Egypt discovers mummies believed to be 2,500-yr old  

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Secretary General of the Supreme Council of Antiquities Mostafa Waziri (center) inspects one of the 13 2,500 year-old wooden coffins discovered in a burial shaft at the desert necropolis of Saqqara south of Cairo. — Courtesy photo
Secretary General of the Supreme Council of Antiquities Mostafa Waziri (center) inspects one of the 13 2,500 year-old wooden coffins discovered in a burial shaft at the desert necropolis of Saqqara south of Cairo. — Courtesy photo

CAIRO — Egyptian authorities have discovered a collection of more than a dozen coffins believe to hold human mummies that are more than two millennia old.

The 13 chambers were uncovered piled up in a well in Saqqara, an ancient site located around 20 miles south of Cairo, Egypt's capital, according to Egypt's Ministry of Tourism and Antiquities.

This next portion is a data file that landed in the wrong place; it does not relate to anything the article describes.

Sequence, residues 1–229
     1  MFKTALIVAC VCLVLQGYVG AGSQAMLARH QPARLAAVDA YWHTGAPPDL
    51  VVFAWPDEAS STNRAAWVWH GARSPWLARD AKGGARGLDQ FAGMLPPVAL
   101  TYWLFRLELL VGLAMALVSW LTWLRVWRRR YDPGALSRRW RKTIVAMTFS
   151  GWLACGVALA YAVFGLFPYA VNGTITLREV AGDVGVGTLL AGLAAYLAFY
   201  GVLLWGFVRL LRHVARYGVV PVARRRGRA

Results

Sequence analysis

After being found almost 40 feet deep underground, archaeologists said the chambers were protected from weathering, leaving original details visible on the coffins' exteriors.

Khaled El-Enany, Egypt's minister of tourism and antiques, said it was "an indescribable feeling when you witness a new archaeological discovery" in a Twitter post.

In a Facebook video, one of the archaeologists says it is a unique find. "I have never seen this before," he says.

Egypt only last week opened its archaeological sites and museums after months of closures because of the coronavirus pandemic. Such finds are not only crucial to Egypt's heritage but also its economy.

Archaeologists also found four caskets holding mummies in Saqqara earlier this year.


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